Source: Howard Nuernberger
After riding a bus down into Big Hollow, visitors enjoyed a
walking tour that included commentary on plants and birds in
the area (May 2000).
The plan for The Arboretum at Penn State seeks to capitalize
on the diverse qualities of the site by carefully fitting the
Arboretum's functions to the natural characteristics of the land,
and by establishing positive, long-term connections with surrounding
land uses and open space.
The proposed site for the Arboretum comprises approximately
370 acres that extend from the Mitchell Tract on Park Avenue northward
and westward to the Mount Nittany Expressway. The site is divided
into three general areas: Big Hollow (244 acres) running generally
in a north-south direction across the entire site, the Overlook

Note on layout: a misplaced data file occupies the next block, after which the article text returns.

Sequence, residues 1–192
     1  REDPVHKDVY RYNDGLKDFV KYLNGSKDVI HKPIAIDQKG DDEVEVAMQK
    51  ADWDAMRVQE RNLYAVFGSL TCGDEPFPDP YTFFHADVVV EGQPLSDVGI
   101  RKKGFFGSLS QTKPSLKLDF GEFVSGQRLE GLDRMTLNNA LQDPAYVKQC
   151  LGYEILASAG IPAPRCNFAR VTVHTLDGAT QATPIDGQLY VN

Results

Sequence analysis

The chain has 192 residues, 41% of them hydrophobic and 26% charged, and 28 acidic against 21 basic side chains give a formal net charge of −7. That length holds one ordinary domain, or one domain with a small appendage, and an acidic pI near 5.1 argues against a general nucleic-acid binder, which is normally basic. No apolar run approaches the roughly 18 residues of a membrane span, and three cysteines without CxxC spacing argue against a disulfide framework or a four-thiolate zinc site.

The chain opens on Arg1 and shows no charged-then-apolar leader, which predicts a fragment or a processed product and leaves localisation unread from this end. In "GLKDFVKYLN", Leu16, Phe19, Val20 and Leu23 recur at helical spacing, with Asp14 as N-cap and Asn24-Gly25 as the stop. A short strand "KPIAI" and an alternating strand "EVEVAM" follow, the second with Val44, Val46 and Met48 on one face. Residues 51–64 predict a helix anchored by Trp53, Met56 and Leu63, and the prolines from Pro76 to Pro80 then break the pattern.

Heights Upland (68 acres) to the west of Big Hollow, and the Mitchell
Tract (58 acres) to the east of Big Hollow and adjacent to central
campus. Within Big Hollow there are smaller topographic variations,
including small hills, steep ravines, and sloping valley walls.
The Mitchell Tract is subdivided into two areas: 35 acres with
approximately 1,000 feet of frontage on Park Avenue and the East
Upland that forms part of the eastern edge of Big Hollow, 115
feet above the valley floor. The Overlook Heights Upland is approximately
105 feet above the valley floor.
This site possesses a broad range of growing conditions and
microclimates that make it attractive for Arboretum use. There
are several areas of mature woodlands, such as within the East
Upland near Sunset Park, that are well-suited for the study of
ecology and related disciplines. Most of the acres in the Mitchell
Tract and the Overlook Heights Upland are in agricultural use
and lend themselves to conversion to a wide range of Arboretum-related
uses. Other unique natural features, such as limestone rock outcrops
and a variety of soil types and landforms, further enhance educational
opportunities within the Arboretum. The proposed site is also
the location of the University’s primary well field. The development
of an arboretum on the site will help to optimize the University’s
long-term plan for well-head protection.